The Best Of Two Worlds - How To Combine The Benefits Of Using Arpeggios With The Ease Of Playing Pentatonic Scales
The truth is that I don’t want you to work hard at mastering the guitar. I want to lay all of the pieces of the puzzle in front of you so that you can put the puzzle together without getting frustrated at the difficulty of topics such as arpeggios. I have found that starting to use arpeggios for improvisations can be such a frustrating challenge. That’s why I suggest taking a slightly different route if you are new to arpeggios. A route that will get you to the goal of building melodic solos that spell out the chords in the underlying progression more easily and smoother.
So where do you go from here?
As I mentioned, this subject is very broad and can be quite a challenge, which is why I would recommend studying this guide on how to use the best scales to play over blues chords.
This guide will show you an even better alternative over using arpeggios to outline chords, since you will learn how to use a scalar approach to play over blues chords. The method I explain there will get you playing the same licks as you would construct using arpeggios, but in a way that’s easier to understand and implement. Since this scalar approach is constructed on the minor pentatonic scale you already know it is easier to get into as well.
Using Chord Tones To Outline The Blues Chords You Are Playing Over Shouldn’t Be Harder Than Playing The Minor Pentatonic Scale
You will find that using a scalar approach (such as using the scale you find below) to solo over blues chords is easier to develop than using arpeggios. Since you probably already know how to use the pentatonic scale, taking the step to use the dominant pentatonic scale isn’t that big of a jump to take, since this dominant pentatonic scale also uses two notes per string.
In these next images you’ll see the common ground between the A7 chord and the A dominant pentatonic scale:
A7 A Dominant Pentatonic Scale
As you can see, all of the notes of the A7 chord are contained in this A dominant pentatonic scale. Now compare this A dominant pentatonic scale with the notes of the A7 arpeggio we’ve learned previously:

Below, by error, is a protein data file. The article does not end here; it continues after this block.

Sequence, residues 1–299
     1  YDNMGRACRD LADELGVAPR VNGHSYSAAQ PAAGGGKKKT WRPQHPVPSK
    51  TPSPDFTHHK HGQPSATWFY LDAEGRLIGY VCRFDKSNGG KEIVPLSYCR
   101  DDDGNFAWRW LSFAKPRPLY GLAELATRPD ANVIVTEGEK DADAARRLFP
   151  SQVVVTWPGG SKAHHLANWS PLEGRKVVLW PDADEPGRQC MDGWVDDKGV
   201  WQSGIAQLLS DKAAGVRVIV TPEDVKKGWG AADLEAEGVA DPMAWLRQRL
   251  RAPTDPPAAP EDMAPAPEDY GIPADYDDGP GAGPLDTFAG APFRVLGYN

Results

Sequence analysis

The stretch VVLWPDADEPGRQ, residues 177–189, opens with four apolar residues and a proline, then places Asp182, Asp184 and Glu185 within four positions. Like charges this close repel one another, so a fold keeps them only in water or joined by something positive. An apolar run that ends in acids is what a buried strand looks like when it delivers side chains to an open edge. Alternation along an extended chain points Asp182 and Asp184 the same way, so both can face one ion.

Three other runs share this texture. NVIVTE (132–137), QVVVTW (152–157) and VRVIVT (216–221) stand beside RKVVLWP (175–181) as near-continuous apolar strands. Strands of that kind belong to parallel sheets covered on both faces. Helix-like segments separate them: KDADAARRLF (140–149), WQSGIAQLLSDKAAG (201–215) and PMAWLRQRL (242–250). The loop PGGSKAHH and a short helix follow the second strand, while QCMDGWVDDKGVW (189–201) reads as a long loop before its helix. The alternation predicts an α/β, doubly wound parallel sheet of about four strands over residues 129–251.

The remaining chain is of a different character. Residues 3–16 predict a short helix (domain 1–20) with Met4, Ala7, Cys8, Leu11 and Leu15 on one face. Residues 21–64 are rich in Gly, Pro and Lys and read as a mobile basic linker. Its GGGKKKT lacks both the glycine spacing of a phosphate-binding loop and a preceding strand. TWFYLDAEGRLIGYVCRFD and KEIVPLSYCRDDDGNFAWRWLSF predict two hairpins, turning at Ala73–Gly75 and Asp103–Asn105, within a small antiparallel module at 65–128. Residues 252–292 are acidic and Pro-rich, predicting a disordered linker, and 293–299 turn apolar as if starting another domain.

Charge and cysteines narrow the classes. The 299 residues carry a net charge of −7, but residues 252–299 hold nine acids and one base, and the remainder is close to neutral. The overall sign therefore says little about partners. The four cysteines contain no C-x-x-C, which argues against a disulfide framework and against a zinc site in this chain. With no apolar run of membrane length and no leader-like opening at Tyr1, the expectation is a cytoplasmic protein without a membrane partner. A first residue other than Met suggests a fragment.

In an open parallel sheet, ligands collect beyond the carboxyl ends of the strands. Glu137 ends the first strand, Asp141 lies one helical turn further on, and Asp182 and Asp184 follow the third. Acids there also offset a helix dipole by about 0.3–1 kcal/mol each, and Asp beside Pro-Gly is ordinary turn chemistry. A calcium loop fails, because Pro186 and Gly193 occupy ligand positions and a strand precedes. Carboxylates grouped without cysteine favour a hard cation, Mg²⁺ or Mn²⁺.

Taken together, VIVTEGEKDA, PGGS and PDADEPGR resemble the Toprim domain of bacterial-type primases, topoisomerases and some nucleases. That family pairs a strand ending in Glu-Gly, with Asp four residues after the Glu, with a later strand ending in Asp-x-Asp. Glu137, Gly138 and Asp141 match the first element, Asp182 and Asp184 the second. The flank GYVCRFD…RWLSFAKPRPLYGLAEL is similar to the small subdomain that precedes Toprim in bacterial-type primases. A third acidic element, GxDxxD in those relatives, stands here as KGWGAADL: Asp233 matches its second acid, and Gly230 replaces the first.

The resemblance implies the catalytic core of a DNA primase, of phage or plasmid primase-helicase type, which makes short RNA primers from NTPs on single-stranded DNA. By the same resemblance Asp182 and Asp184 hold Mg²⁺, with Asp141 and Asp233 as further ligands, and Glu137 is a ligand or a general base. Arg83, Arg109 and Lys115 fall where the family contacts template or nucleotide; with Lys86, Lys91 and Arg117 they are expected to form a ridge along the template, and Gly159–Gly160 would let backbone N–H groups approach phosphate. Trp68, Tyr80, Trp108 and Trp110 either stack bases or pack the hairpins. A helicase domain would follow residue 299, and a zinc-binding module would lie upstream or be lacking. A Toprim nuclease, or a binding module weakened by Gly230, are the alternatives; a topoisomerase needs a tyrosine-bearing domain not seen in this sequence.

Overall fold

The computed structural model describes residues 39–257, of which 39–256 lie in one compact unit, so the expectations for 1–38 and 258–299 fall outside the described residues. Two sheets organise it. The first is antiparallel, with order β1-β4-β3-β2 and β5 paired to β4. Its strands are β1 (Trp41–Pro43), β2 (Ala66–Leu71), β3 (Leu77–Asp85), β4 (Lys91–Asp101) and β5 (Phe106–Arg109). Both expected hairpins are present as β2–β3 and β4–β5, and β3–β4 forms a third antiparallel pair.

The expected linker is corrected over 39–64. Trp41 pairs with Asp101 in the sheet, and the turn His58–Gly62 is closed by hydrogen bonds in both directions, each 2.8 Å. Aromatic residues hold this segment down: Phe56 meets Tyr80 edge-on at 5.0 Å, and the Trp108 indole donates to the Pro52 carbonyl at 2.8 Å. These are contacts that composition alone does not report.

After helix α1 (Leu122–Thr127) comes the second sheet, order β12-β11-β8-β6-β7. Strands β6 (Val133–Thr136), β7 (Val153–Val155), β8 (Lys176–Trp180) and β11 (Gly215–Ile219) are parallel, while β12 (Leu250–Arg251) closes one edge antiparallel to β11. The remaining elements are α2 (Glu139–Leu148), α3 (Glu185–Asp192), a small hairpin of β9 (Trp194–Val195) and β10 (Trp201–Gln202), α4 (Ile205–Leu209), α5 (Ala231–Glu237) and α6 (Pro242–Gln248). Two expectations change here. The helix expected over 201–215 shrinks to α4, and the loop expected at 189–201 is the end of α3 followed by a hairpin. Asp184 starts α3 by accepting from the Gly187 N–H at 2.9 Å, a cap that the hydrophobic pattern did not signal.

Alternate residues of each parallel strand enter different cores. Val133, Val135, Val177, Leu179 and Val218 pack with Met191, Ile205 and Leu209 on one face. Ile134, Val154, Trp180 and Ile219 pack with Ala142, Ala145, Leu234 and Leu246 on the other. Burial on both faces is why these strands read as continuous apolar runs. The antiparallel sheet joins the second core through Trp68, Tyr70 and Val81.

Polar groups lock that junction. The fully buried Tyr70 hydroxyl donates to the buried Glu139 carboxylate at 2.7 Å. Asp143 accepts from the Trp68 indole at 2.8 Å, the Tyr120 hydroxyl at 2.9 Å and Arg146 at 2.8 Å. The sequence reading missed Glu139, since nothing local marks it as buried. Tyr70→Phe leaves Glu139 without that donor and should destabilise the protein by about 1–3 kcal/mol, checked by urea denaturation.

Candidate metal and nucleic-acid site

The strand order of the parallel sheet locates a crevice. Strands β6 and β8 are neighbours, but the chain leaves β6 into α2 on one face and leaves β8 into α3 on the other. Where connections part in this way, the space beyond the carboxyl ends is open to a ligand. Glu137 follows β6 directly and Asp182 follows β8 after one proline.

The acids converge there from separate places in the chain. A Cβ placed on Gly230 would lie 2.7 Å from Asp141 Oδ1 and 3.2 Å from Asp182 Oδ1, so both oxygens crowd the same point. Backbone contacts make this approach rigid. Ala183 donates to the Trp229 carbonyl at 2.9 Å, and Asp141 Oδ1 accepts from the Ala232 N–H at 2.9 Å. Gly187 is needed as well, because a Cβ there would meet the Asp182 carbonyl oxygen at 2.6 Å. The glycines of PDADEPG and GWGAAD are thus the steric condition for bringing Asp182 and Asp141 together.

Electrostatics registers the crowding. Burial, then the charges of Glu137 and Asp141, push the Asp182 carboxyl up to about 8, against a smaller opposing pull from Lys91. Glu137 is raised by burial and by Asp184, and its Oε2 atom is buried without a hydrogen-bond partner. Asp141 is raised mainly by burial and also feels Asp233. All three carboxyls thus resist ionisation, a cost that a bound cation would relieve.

While we are using a total of four different notes in the A7 arpeggio, we are using five different notes in the A Dominant Pentatonic Scale (hence the name ‘pentatonic’, which means ‘five tones’).
Here are the four notes of the A7 arpeggio:
A C# E G
Here are the five notes to be found in the A dominant pentatonic scale
A B C# E G
So the only difference between the two methods is one note. Then why I am suggesting using the scalar approach before delving into playing arpeggios? The answer is simple; if you are used to improvising using the minor pentatonic scale, using the dominant pentatonic scale will be easier.
Playing arpeggios can seem like a daunting task. Learning the dominant pentatonic scale gives you a smooth transition between what you already know and the next step in your blues guitar soloing progress.
Which route you take is up to you. Some people use arpeggios to outline the chords of the progression they are playing over, some like using the dominant pentatonic scale. In the end, both methods have similar results.
I suggest you study the guide so you can determine for yourself. You can download the ‘How To Play The Most Awesome Licks Over Any Blues Chord’ Guide here. In this guide you’ll find exercises to use arpeggios to play over blues chords (referred to as ‘Approach 2A in the guide) and exercises to use the dominant pentatonic scale (referred to as ‘Approach 2B). That way you can make an educated decision for yourself.
Improve Your Knowledge And Ability Of Soloing Over Blues Chords In The Essential Blues Guitar Soloing Lesson